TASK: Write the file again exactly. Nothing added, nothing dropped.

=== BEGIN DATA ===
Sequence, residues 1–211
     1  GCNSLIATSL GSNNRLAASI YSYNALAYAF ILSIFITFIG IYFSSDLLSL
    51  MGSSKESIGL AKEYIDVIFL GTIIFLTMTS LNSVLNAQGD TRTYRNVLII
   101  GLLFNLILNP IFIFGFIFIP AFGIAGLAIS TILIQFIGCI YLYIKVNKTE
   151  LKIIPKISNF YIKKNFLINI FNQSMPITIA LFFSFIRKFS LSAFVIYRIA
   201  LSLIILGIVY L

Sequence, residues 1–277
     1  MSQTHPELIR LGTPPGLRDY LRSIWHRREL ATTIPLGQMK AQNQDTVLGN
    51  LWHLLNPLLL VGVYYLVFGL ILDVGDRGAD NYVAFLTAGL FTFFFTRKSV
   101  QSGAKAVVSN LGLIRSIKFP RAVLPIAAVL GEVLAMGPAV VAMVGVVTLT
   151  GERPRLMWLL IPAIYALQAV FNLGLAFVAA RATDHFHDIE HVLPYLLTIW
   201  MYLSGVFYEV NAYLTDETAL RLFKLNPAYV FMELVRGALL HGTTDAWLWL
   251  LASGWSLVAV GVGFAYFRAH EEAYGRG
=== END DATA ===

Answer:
Sequence, residues 1–211
     1  GCNSLIATSL GSNNRLAASI YSYNALAYAF ILSIFITFIG IYFSSDLLSL
    51  MGSSKESIGL AKEYIDVIFL GTIIFLTMTS LNSVLNAQGD TRTYRNVLII
   101  GLLFNLILNP IFIFGFIFIP AFGIAGLAIS TILIQFIGCI YLYIKVNKTE
   151  LKIIPKISNF YIKKNFLINI FNQSMPITIA LFFSFIRKFS LSAFVIYRIA
   201  LSLIILGIVY L

Sequence, residues 1–277
     1  MSQTHPELIR LGTPPGLRDY LRSIWHRREL ATTIPLGQMK AQNQDTVLGN
    51  LWHLLNPLLL VGVYYLVFGL ILDVGDRGAD NYVAFLTAGL FTFFFTRKSV
   101  QSGAKAVVSN LGLIRSIKFP RAVLPIAAVL GEVLAMGPAV VAMVGVVTLT
   151  GERPRLMWLL IPAIYALQAV FNLGLAFVAA RATDHFHDIE HVLPYLLTIW
   201  MYLSGVFYEV NAYLTDETAL RLFKLNPAYV FMELVRGALL HGTTDAWLWL
   251  LASGWSLVAV GVGFAYFRAH EEAYGRG